2. Ryan EH, Ryan CM, Forbes NJ, et al. Primary Retinal Detachment Outcomes Study Report Number 2: Phakic Retinal Detachment Outcomes. Ophthalmology 2020;127:1077-85.
3. Anguita R, Charteris D. Could real-world data replace evidence from clinical trials in surgical retinal conditions? Br J Ophthalmol 2022:bjophthalmol-2022-321759. doi: 10.1136/bjophthalmol-2022-321759. Epub ahead of print. PMID: 35580995.
4. Kawano S, Imai T, Sakamoto T; Japan-Retinal Detachment Registry Group. Scleral buckling versus pars plana vitrectomy in simple phakic macula-on retinal detachment: a propensity score-matched, registry-based study. Br J Ophthalmol 2022:857-62.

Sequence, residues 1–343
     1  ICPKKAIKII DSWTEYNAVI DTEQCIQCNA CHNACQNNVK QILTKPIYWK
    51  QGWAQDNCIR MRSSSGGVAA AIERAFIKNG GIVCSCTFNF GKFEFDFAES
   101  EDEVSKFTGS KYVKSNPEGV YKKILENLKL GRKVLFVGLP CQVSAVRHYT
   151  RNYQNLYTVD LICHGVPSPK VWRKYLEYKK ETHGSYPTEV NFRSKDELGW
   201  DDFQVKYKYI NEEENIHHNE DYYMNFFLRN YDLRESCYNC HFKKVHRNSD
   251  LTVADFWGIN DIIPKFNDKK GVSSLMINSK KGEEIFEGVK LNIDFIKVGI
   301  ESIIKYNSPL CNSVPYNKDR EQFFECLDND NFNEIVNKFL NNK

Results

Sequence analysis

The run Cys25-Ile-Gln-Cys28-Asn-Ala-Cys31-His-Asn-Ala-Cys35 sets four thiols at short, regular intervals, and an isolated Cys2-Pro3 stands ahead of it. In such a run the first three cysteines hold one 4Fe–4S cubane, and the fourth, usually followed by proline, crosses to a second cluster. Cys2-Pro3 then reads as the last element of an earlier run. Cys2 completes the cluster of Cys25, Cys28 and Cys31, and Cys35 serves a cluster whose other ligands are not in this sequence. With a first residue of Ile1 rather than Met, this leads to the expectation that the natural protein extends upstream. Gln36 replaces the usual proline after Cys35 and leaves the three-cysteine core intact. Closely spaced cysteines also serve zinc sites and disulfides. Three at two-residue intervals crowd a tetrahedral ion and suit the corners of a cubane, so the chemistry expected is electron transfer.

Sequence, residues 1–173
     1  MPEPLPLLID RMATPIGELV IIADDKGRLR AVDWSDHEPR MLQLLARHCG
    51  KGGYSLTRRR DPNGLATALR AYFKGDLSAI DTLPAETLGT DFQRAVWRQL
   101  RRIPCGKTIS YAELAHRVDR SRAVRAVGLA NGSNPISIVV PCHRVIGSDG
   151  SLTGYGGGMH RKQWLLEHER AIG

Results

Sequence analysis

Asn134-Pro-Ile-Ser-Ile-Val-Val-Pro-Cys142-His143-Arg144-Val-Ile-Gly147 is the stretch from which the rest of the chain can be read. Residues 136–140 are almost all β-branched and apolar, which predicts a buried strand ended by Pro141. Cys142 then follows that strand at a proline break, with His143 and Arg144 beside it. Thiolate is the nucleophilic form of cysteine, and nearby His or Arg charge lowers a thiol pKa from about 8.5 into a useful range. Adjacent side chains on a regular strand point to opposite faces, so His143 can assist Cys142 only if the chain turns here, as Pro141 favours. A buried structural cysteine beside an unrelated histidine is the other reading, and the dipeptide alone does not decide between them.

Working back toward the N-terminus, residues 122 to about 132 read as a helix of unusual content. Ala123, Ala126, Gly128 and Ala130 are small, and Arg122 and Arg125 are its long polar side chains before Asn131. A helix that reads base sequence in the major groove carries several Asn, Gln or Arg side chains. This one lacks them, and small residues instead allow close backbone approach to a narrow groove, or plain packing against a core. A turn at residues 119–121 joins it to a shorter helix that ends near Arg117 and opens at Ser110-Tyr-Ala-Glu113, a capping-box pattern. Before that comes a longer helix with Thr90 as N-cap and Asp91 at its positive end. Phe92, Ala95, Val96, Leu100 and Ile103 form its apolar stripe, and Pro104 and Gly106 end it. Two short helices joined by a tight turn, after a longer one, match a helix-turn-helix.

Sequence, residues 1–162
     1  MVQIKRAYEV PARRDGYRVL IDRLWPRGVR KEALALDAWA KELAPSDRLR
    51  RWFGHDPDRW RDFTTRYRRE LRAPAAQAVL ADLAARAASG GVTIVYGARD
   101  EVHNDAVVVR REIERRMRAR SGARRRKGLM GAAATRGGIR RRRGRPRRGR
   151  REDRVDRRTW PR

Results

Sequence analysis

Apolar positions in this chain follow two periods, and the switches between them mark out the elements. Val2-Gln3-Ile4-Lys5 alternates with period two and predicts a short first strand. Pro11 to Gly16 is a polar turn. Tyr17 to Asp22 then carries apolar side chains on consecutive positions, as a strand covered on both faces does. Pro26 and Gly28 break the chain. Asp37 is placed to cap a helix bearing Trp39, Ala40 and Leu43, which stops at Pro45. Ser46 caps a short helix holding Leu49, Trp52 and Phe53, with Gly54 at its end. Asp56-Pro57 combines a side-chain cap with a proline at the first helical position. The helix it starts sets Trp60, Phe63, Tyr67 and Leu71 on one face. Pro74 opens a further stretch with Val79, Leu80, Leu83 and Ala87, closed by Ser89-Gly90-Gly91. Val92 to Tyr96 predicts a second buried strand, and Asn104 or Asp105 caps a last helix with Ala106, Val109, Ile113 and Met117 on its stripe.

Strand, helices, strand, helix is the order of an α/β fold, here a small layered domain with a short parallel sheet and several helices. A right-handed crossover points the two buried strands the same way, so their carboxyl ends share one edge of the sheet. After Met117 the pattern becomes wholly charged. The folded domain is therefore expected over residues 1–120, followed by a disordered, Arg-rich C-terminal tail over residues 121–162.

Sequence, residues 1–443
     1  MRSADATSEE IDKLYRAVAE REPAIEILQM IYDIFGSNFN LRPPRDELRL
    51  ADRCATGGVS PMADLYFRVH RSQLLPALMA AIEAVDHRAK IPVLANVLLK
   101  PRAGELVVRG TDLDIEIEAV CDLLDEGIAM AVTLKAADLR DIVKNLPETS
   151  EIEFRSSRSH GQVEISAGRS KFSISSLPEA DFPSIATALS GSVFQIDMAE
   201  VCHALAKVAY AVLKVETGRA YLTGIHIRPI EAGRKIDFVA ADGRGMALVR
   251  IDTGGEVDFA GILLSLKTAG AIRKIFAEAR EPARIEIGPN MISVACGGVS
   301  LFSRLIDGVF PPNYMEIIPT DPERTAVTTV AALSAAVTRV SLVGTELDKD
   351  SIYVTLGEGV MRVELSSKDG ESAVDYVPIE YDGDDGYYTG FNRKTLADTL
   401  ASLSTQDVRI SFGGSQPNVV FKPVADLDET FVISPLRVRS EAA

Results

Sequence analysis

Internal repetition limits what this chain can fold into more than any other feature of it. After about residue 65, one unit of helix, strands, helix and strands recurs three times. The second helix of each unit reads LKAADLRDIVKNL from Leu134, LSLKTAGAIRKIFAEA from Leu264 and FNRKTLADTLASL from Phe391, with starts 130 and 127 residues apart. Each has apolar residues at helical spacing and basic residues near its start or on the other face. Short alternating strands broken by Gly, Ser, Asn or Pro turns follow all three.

5. Funatsu R, Terasaki H, Koriyama C, et al. Silicone oil versus gas tamponade for primary rhegmatogenous retinal detachment treated successfully with a propensity score analysis: Japan Retinal Detachment Registry. Br J Ophthalmol 2021:bjophthalmol-2021-319876. doi: 10.1136/bjophthalmol-2021-319876. Epub ahead of print. PMID: 34373251.
6. Moon SY, Park SP, Kim YK. Evaluation of posterior vitreous detachment using ultrasonography and optical coherence tomography. Acta Ophthalmol 2020;98:e29-e35.
7. Michaels RG, Wilkinson CP, Rice TA. Vitreoretinal precursors of retinal detachment. In Retinal detachment, eds Michaels RG, Wilkinson CP, Rice TA, The CV Mosby Company, St Louis, 1990, pp 29-100.
8. Flacco ME, Manzoli L, Boccia S, et al. Head-to-head randomized trials are mostly industry sponsored and almost always favor the industry sponsor. J Clin Epidemiol 2015;68:811-20.
9. Lonjon G, Boutron I, Trinquart L, et al. Comparison of treatment effect estimates from prospective nonrandomized studies with propensity score analysis and randomized controlled trials of surgical procedures. Ann Surg 2014;259:18–25.